La problématique de la transhumance

Le phénomène de la transhumance dans le Nord-Ouest (région de Bouar-Bocaranga-Baboua), l’Ouest (région de Berberati, Gamboula, Amada-Gaza), le Centre-Ouest (région de Bossembéle-Yaloké), le Centre-Est (région de Kouango-Bambari-Alindao-Kembé), le Nord de la préfecture de l’Ouham et dans la Nana Gribizi, a périodiquement des conséquences désastreuses sur ces zones. Les relations déjà difficiles entre les éleveurs transhumants étrangers (notamment tchadiens et soudanais) et les populations d’agriculteurs autochtones se sont dégradées au fil des années donnant lieu à de nombreux conflits intercommunautaires de plus en plus violents. Les Nations Unies estiment qu’environ 1,1 million de personnes sont dans le besoin dans les zones affectées par le phénomène de la transhumance.

Depuis 2013, ce phénomène n’est plus contrôlé et régulé par le gouvernement. Le vol régulier de bétail appartenant à la communauté peuhle par des éléments armés, les rivalités entre les groupes armés autoproclamés protecteurs des éleveurs ou des agriculteurs et la militarisation des éleveurs, accentuent les risques de conflit intercommunautaire et renforcent la méfiance entre les éleveurs et les agriculteurs. Le délitement des structures traditionnelles de médiation de conflit entre agriculteurs et éleveurs et la désorganisation des couloirs de transhumance, ainsi que la destruction des champs par le bétail des transhumants sont aussi de nature à déclencher des conflits.

La pauvreté chronique

La RCA est l’un des pays les plus pauvres au monde et se trouve à l’avant dernier rang du classement mondial (188/189) selon l’indice de développement humain de 2018. La persistance de l’insécurité sur une grande partie du territoire nationale a notamment freiné la relance du secteur agricole et la concrétisation des investissements étrangers directs (IDE). L’exil des commerçants, les fréquentes attaques de convois transportant des biens ou des marchandises et l’état défectueux des routes sont autant d’entraves à l’approvisionnement des marchés en marchandises et en intrants. Cet état de fait donne par conséquent lieu à une augmentation des prix dans certaines localités. L’activité économique reste faible depuis 2013.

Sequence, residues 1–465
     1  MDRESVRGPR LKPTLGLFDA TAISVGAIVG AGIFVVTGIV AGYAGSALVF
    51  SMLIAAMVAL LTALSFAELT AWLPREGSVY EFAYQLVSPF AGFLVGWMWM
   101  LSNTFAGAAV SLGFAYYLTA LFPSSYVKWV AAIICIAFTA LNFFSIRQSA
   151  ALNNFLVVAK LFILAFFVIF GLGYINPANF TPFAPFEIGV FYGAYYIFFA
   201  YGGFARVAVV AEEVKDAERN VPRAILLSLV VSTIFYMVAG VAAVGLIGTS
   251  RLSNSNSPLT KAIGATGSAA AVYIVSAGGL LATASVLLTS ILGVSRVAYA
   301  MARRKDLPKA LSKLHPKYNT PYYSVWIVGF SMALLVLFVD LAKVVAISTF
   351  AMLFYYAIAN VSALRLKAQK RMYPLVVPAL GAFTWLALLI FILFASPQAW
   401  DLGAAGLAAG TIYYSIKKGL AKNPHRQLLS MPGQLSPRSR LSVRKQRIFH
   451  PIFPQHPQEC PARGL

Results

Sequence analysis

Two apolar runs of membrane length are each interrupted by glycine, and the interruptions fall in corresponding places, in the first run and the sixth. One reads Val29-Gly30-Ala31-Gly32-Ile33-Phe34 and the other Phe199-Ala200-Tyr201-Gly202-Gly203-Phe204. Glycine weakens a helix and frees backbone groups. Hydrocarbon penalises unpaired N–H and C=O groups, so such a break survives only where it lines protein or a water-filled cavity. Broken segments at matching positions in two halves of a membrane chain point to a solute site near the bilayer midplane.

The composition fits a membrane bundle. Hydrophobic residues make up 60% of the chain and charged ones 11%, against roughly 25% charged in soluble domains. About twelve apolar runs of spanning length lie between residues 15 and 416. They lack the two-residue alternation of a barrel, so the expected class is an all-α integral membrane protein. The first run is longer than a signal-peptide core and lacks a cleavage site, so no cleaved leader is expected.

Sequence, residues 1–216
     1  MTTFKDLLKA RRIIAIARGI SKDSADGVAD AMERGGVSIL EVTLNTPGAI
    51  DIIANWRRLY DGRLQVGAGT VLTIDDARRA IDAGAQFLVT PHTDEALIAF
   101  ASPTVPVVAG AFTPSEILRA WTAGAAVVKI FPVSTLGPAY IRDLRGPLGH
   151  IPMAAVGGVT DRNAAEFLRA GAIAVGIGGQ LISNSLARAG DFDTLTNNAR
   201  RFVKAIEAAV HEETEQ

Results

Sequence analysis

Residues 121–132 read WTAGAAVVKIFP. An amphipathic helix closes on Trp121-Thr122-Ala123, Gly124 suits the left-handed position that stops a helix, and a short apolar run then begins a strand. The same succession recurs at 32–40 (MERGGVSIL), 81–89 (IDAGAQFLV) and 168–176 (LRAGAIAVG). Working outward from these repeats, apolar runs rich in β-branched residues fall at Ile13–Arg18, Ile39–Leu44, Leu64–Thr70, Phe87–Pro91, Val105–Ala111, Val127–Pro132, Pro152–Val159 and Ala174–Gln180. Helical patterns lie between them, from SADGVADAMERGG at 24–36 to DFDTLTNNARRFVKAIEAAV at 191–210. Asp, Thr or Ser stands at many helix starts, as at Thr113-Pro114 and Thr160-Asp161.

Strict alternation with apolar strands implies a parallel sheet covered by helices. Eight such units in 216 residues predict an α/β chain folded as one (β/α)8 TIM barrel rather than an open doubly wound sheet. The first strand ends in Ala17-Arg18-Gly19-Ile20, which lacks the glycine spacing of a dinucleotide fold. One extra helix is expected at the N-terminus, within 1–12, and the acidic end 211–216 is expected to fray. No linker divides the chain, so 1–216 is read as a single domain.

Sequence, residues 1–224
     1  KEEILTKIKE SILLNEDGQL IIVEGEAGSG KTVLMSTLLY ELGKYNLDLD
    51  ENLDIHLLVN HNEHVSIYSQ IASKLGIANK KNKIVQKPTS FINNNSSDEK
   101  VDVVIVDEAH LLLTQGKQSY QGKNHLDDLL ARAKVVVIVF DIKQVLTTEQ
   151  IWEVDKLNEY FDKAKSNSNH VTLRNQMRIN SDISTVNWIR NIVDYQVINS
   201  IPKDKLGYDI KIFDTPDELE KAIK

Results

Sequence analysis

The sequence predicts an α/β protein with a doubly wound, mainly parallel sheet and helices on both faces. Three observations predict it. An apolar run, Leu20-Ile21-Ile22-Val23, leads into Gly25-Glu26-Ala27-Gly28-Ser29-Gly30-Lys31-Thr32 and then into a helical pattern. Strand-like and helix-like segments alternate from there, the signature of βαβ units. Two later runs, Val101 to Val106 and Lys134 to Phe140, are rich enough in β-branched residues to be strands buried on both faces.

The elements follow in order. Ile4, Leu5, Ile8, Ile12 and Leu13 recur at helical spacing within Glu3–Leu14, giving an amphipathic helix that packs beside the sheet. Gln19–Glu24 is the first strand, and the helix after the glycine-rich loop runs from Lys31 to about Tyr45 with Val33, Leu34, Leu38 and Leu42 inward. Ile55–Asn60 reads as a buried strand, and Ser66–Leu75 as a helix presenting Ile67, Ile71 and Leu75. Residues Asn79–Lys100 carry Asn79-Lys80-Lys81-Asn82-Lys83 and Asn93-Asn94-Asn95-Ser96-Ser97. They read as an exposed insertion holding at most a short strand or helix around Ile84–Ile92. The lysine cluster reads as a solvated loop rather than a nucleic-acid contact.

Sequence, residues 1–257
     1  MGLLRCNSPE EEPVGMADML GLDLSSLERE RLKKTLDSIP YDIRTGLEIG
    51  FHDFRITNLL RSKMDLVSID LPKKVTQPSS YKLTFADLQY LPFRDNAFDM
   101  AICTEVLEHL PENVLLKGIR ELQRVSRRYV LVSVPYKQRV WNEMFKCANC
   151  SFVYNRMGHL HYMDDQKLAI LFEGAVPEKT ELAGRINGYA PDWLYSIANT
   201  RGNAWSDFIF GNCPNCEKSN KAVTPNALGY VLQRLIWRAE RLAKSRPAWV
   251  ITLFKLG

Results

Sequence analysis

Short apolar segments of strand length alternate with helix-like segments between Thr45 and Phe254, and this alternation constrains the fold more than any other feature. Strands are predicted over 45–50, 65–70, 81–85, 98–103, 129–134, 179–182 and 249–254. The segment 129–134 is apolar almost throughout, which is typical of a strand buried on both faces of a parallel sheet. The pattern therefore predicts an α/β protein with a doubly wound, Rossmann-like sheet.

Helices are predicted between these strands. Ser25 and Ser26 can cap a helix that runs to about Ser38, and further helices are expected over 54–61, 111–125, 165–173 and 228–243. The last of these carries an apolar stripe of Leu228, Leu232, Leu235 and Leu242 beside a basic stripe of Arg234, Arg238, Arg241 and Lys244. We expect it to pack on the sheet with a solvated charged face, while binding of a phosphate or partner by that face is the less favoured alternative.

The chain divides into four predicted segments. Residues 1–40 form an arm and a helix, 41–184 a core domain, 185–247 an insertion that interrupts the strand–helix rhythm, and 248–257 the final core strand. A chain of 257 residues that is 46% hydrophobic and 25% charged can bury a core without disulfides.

Le niveau de pauvreté structurelle s’est davantage aggravé avec la récurrence du déplacement massif des populations et la perte
des capacités de production des populations affectées. Il est passé de 62 % en 2008 à 75 % en 20171
. Les ménages les plus pauvres se
trouvent en milieu rural, même si la répartition spatiale de la pauvreté varie selon les régions. L’inégalité de revenus est également très
prononcée : la RCA détient l’un des indices de Gini le plus élevé au monde (63). Le taux de chômage reste élevé et près d’un individu
actif sur quatre (24,2 %) est sans emploi. Hormis les inégalités de revenus, l’accès aux services d’éducation et de santé de base n’est pas
assuré de manière équitable dans les différentes régions du pays. L’espérance de vie à la naissance (52,9 ans) est la deuxième plus faible
au monde.

World: The Market Monitor – Trends and impacts of staple food prices in vulnerable countries, Issue 39 – April 2018

Source: World Food Programme